A group of shareholders has filed a class-action lawsuit against Navistar International Corp. alleging that the OEM essentially lied to investors about its efforts to achieve compliance with EPA 2010 diesel-engine emissions rules.
The suit was filed in the U.S. District Court for the Northern District of Illinois on behalf of purchasers of common stock of Navistar International Corp. during the period between Nov. 3, 2010, and Aug. 1, 2012, inclusive.
According to Ryan & Maniskas, LLP, the law firm that filed the suit, the complaint alleges that throughout that period of time, “the company [Navistar] issued materially false and misleading statements regarding the company’s business and financial prospects…. [and] the company misrepresented and/or failed to disclose that:
(1) Navistar’s attempted methods to achieve compliance with EPA guidelines in truck manufacturing had failed and Navistar would be forced to revise its plan to meet guidelines, incurring enormous costs to the company;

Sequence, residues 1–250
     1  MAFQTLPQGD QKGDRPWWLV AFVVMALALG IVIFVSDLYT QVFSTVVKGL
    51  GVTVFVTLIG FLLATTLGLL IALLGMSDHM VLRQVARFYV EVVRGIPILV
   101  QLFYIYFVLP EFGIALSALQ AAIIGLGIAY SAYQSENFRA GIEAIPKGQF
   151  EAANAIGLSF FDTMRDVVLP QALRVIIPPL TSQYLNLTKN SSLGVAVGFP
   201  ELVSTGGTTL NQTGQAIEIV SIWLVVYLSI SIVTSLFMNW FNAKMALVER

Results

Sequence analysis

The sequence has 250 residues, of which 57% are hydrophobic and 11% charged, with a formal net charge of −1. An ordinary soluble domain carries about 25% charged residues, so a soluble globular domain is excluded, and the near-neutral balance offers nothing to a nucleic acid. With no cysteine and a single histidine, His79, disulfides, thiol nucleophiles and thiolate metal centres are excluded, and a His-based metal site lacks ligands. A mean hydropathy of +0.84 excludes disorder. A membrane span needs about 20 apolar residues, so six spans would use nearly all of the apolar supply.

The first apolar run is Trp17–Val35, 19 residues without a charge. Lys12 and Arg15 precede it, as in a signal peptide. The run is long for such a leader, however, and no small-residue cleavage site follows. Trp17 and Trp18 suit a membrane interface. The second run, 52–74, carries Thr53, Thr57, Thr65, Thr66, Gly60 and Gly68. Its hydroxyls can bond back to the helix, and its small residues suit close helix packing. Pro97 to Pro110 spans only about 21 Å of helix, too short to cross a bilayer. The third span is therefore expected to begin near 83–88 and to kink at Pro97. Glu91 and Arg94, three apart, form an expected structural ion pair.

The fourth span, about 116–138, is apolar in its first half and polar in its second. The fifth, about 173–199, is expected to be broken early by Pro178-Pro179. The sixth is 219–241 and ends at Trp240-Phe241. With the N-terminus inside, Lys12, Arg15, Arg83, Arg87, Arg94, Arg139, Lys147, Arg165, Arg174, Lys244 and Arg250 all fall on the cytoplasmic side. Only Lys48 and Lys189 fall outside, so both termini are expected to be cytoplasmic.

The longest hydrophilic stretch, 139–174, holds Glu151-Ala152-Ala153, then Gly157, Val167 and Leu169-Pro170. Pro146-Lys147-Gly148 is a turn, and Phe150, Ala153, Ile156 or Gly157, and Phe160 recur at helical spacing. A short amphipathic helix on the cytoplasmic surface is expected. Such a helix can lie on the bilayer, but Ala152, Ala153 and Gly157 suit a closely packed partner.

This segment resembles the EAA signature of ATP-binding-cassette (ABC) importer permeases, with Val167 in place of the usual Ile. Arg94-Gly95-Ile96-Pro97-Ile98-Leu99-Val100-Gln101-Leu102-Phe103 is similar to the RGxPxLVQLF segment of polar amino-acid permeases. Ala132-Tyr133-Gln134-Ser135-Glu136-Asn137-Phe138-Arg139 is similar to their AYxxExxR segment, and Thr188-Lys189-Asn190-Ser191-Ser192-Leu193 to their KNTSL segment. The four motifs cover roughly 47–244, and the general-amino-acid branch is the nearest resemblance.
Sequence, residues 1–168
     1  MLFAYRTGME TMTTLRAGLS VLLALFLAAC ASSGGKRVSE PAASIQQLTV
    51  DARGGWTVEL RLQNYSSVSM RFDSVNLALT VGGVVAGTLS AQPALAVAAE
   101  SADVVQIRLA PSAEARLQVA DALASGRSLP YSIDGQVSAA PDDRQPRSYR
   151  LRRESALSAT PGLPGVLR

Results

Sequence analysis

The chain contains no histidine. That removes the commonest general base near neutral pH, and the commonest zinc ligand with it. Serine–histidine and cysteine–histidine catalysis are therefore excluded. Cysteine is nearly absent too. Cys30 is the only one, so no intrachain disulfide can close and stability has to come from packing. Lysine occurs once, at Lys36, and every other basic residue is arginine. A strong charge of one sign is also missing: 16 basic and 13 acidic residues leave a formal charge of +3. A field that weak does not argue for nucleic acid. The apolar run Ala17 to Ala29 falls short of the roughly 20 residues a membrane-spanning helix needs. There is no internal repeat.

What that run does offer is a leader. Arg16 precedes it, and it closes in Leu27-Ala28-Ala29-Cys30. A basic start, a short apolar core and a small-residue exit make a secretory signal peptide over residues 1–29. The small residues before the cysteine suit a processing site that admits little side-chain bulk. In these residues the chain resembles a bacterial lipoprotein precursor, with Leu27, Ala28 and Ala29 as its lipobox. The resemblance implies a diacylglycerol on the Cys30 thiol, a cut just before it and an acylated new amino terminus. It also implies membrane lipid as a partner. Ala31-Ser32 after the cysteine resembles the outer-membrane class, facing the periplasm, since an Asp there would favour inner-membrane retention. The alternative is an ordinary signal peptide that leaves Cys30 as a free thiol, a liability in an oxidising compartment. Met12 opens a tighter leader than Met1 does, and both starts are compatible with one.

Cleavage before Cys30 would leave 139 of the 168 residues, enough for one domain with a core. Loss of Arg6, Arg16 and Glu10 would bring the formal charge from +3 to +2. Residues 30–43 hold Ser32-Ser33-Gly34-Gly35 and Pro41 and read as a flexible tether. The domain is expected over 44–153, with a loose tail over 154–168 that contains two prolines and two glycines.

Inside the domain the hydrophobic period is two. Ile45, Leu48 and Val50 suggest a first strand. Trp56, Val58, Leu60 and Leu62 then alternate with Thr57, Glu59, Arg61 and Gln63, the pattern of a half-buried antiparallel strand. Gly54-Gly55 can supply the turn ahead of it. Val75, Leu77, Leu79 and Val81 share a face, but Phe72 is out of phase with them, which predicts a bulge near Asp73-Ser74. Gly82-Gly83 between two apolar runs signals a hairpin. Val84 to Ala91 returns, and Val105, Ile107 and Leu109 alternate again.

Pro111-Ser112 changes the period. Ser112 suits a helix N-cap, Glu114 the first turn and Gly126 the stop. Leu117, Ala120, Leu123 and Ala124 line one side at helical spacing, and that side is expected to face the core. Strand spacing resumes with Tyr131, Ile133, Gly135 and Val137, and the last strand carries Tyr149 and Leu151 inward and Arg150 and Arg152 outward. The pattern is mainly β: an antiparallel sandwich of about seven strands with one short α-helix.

(2) Navistar did not have engines ready to meet the 2010 EPA standards; and
(3) Navistar’s filings with the Securities and Exchange Commission contained incomplete and misleading disclosures, including statements about the costs of recalls and details of various debts.
The plaintiffs’ law firm has launched a dedicated website where members of the class defined by the suit can obtain more information about joining the class action.
Last July, Navistar declared it was giving up its attempts to comply with diesel-emission regs by using exhaust-gas recirculation (EGR) technology alone as opposed to integrating selective catalytic reduction technology (SCR) as all its heavy-duty competitors had down ahead of the EPA 2010 rules.
As a result, by last September, Navistar had reached an agreement with Cummins by which it would again offer SCR-equipped Cummins engines in its International trucks.
Last month, CEO Troy Clarke told the Wall Street Journal that the company was considering closing engine plants. Navistar has three facilities building engines.
“We build engines in three places and none of them is fully utilized. You just can’t make any money doing that,” Clarke told the Journal in an interview at the Mid-America Trucking Show in Louisville, Ky. “Underutilized manufacturing capacity is just a cost and it is a cost that we don’t have to bear.”